A brief History of Yelverton

Yelverton, (once known as Elfordtown) lies some eight miles out from Plymouth and developed from the 1880’s when two rows of elegant houses were built on either side of the green, facing each other. On one side was Greenbank Terrace and on the other, The Villas. The latter stretched down almost to the Rock Inn. This Inn, then known as the Rock Hotel, dates from Elizabethan times when it was probably a farm. During the 1850’s it became a Hotel and it was well patronised as such right up until the 1960’s, when the Hotel side was converted to flats. From about 1820, the Inn’s stables were used by horses working on the nearby Dartmoor Tramway, taking stone from Princetown quarries to build the Breakwater in Plymouth Sound. The tramway was eventually superseded by the railway and fell into disuse although parts of it are still visible in one or two places around Yelverton. Stone from Swell Tor Quarry on Dartmoor was used to rebuild London Bridge in the 1890’s, work undertaken by John Pethick, who lived in Yelverton for many years. Swell Tor Quarry closed in the 1930’s but several unused quoins, quarried for the bridge, lie discarded at the former quarry entrance.

Around the turn of the century, further building work took place in Yelverton as it became a popular place for Plymouth businessmen to settle. There was of course a railway station at Yelverton run by the GWR and the station yard was a busy place morning and evening with these businessmen going to and from Plymouth. The railway also brought visitors to Yelverton, to admire the scenery and enjoy its clean and healthy fresh air. As well as the railways, Coach companies were running excursions out onto the moors as early as the 1880’s.

By the late 1930’s, Yelverton stretched from the Rock Hotel at the Princetown end to Leg of Mutton at the Tavistock end, with the main Tavistock to Plymouth road running through Leg of Mutton. This area also had the Yelverton Hotel in it (now called the Leg o’ Mutton Inn).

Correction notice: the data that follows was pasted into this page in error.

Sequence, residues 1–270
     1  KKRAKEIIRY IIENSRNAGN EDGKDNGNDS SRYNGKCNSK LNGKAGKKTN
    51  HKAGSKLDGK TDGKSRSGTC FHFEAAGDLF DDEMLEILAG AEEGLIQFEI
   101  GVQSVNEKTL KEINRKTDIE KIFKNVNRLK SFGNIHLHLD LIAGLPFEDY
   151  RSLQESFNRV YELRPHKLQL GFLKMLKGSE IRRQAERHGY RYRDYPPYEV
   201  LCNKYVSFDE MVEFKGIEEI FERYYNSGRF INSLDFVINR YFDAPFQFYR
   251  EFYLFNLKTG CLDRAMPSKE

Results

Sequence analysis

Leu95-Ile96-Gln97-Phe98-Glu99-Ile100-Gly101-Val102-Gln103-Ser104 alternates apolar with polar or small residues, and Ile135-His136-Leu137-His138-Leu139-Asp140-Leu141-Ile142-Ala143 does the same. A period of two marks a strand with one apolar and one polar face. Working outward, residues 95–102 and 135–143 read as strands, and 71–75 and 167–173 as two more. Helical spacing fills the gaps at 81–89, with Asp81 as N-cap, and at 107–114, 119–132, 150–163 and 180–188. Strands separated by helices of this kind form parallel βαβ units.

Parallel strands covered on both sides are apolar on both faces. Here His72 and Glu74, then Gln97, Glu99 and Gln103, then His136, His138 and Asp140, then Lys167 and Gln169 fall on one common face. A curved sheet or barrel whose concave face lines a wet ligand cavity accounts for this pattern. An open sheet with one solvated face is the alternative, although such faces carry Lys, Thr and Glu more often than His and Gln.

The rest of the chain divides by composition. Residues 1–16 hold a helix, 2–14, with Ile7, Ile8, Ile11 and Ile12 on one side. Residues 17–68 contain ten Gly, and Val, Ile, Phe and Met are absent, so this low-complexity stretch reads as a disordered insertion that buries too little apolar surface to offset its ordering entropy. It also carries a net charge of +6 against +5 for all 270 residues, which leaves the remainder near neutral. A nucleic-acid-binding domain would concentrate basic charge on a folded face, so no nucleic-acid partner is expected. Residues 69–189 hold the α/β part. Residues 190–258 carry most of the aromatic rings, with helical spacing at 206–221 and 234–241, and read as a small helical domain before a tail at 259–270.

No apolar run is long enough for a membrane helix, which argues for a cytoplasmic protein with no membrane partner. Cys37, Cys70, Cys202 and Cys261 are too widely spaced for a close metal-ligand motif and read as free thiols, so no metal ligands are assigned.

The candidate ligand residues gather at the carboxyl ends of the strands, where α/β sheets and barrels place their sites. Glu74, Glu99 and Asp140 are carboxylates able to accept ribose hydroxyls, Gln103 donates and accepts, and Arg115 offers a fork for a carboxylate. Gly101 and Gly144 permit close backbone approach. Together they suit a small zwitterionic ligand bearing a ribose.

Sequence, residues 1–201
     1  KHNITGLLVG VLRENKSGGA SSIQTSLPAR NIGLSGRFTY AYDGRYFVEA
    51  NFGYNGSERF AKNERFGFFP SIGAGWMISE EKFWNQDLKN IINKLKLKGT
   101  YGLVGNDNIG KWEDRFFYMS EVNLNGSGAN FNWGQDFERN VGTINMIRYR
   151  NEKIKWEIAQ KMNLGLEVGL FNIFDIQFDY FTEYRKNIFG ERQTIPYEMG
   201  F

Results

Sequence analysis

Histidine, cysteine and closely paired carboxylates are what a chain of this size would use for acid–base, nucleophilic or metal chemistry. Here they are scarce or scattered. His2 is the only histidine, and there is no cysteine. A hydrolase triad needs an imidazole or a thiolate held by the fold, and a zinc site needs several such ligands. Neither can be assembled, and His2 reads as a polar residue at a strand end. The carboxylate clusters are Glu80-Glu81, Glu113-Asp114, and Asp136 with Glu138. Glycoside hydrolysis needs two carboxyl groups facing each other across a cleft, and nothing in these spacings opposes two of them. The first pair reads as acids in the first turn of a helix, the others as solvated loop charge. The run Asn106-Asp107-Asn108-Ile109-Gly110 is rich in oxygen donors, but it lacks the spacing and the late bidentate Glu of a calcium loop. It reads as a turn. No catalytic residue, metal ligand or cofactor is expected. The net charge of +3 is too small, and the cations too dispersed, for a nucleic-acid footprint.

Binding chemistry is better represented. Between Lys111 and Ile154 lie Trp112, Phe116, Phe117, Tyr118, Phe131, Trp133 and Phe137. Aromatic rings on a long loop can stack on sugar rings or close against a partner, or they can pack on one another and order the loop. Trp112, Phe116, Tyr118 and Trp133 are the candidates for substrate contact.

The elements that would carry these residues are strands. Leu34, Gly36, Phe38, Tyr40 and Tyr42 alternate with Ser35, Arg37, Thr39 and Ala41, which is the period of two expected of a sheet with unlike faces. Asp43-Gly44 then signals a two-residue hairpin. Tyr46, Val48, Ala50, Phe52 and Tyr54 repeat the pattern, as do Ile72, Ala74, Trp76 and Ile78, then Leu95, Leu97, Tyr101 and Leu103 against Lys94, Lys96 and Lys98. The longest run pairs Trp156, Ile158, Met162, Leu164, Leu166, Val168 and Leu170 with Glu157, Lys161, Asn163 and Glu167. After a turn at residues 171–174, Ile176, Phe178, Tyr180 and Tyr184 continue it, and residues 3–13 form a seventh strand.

The coming of the airfield brought great changes to Yelverton. A number of houses were demolished and the main road was diverted onto its present route, effectively splitting the Village in two, with the old road forming part of a runway. The Villas, by now known as Moorland Terrace, had mostly been turned into shops, with the shop fronts we see today having been built out over the front gardens of the old houses. Unfortunately, they were in the flight path of planes taking off from the airfield and so all the upper floors were removed. Yelverton Church was also hit by a plane and was subsequently fitted with a red light.

After the war, more changes took place around Yelverton. More building work took place behind the Rock Hotel and its vegetable garden became the site of the Health Centre! The airfield too, closed, its buildings demolished and runways torn up. Many of the grand houses in Greenbank Terrace and other parts of Yelverton, have become nursing or residential homes, as the cost of their upkeep became prohibitive.

Probably the most famous part of Yelverton is its ‘rock’ on which countless thousands of children have played over the years, wearing it smooth in the process. Perched on Roborough Down, the Rock, unlike the Tors of Dartmoor, is not a lump of granite, but a mound of magnessium limestone which in its molten state, must have pushed its way up through layers of rock in some distant past. It is actually called (officially) Udal Torre.